Monday, July 23, 2007

Backups, pt 1

We all need to do backups of our computers. Most of us don't. Let's take a brief look at the typical backup options available to us.

1. Manual backup to removable media, such as tape, CD, DVD, etc. This has been the traditional way of doing backups. The rationale (at least, until recently) is that removable media can store more data than hard drives. For example, about ten years ago, a high-end tape cartridge could store about 8GB of data wherease the largest hard drive you could reasonably obtain was about 4GB. Also, backups were supposed to be write-mostly, meaning that backups were to be read very infrequently. The linear nature of tape meant that reads were very slow, but that was a small price to pay for the relative low cost of the cartridges.

Nowadays, almost all removable media hold less than a hard drive, so this option isn't good for comprehensive backup solutions. Still, it's the preferred method among casual backer-uppers for keeping a copy of documents, photos, and so forth.

2. Automated backup to another hard drive. Given how ridiculously cheap hard drives are these days, this is my current method of doing backups. The backup drive is simply a large, cheap hard drive that keeps a copy of the data on my computer.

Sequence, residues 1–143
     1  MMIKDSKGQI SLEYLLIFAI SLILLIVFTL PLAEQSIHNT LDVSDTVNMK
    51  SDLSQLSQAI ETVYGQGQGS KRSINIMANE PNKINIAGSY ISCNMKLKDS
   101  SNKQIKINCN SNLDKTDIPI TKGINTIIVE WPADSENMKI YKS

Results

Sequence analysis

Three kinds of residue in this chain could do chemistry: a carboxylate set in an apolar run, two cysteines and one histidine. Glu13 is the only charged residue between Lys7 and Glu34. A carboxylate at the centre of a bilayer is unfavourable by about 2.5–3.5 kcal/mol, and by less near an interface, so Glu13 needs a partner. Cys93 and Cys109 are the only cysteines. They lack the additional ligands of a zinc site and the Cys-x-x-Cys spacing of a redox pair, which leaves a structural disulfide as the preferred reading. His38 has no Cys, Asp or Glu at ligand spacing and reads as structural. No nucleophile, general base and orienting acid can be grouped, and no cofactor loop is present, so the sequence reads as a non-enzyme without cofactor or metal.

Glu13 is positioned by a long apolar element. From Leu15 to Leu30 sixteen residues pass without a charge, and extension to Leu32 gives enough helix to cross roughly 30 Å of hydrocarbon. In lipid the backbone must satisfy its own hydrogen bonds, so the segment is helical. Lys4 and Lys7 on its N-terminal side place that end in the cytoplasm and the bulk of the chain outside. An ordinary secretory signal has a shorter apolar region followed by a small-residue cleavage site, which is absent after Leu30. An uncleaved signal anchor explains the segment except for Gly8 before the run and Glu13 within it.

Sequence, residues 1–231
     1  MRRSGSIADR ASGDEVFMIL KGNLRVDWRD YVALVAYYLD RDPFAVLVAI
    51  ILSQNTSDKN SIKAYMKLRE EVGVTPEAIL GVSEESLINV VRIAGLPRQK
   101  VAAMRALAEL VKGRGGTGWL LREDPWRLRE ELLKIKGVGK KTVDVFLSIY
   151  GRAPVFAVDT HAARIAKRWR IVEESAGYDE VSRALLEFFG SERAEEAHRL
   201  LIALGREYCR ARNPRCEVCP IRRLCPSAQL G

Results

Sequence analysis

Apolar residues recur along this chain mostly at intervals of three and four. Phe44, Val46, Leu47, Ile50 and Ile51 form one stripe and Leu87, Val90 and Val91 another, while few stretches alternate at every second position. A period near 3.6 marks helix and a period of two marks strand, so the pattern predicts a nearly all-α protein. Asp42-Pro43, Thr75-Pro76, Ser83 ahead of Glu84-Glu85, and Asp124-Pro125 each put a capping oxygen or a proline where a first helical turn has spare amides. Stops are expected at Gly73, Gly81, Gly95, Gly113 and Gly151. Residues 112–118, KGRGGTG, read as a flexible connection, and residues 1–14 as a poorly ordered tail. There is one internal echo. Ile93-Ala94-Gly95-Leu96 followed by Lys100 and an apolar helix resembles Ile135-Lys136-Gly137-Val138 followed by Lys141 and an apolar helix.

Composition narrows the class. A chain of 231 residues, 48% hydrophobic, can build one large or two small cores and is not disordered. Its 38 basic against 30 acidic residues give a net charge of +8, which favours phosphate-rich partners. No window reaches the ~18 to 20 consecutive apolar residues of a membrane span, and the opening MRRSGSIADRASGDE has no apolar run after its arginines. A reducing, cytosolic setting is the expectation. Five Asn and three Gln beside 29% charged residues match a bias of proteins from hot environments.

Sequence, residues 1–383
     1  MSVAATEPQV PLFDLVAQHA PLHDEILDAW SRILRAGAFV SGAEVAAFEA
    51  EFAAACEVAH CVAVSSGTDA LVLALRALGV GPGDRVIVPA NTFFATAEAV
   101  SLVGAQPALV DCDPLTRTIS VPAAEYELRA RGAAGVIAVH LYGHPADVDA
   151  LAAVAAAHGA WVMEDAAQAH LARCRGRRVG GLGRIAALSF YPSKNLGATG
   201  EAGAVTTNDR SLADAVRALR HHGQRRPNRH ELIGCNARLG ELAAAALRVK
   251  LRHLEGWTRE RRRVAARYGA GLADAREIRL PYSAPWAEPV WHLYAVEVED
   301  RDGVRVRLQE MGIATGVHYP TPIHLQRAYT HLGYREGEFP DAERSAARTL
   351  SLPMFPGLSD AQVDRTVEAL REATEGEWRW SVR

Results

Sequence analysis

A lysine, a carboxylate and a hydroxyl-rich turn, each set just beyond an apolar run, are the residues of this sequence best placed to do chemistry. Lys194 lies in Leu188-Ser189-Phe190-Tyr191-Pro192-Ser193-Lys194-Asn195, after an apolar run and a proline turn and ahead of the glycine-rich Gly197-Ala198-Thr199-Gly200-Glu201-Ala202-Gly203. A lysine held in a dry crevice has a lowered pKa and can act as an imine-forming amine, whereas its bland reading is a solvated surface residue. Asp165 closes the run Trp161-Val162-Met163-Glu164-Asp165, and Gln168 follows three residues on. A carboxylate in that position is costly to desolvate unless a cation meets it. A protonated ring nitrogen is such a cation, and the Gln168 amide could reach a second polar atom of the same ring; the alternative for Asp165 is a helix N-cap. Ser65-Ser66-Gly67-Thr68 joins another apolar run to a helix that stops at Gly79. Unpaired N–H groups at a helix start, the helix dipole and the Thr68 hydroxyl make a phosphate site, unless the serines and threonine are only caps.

3. Automated backup to a network service. I like the concept of these backup services (Mozy, .Mac, Amazon S3). The storage is relatively cheap and you can be assured that the service itself is keeping backups, so you'll never lose your data. All your files are kept off-site, a big plus if your home or office is lost in a fire or flood.

For the automated solutions, there's a problem: the backups are performed at periodic intervals, such as every night or once a week. But the time you really need your backup is immediately after you realize you just deleted an important file. Ideally, the backup system should be making backups within minutes of making any filesystem change, whether it be adding, deleting, or modifying a file.

One easy fix that fits within the realm of automated, periodic backups is simply to reduce the backup interval. How about every five minutes? That would be swell. But that begets another problem: the actual time it takes to perform a backup may well exceed the backup interval! You see, typical backup applications figure out which files have changed by scanning all of your files and comparing the modifiation time to the last time the backup was made. My desktop computer has nearly a million files in it; scanning all of them takes a long, long time. It causes my computer to slow to a crawl, too, as system resources are consumed.

I hate doing backups. I dread seeing the pop-up window that appears, letting me know that backups are about to begin. My system will become unusable for about an hour. Ugh.

How can we speed it up and make it better? We need help from the operating system itself, something that most OSs don't natively provide to applications. Apple has a solution in its upcoming Leopard release. We'll talk about it in an upcoming post.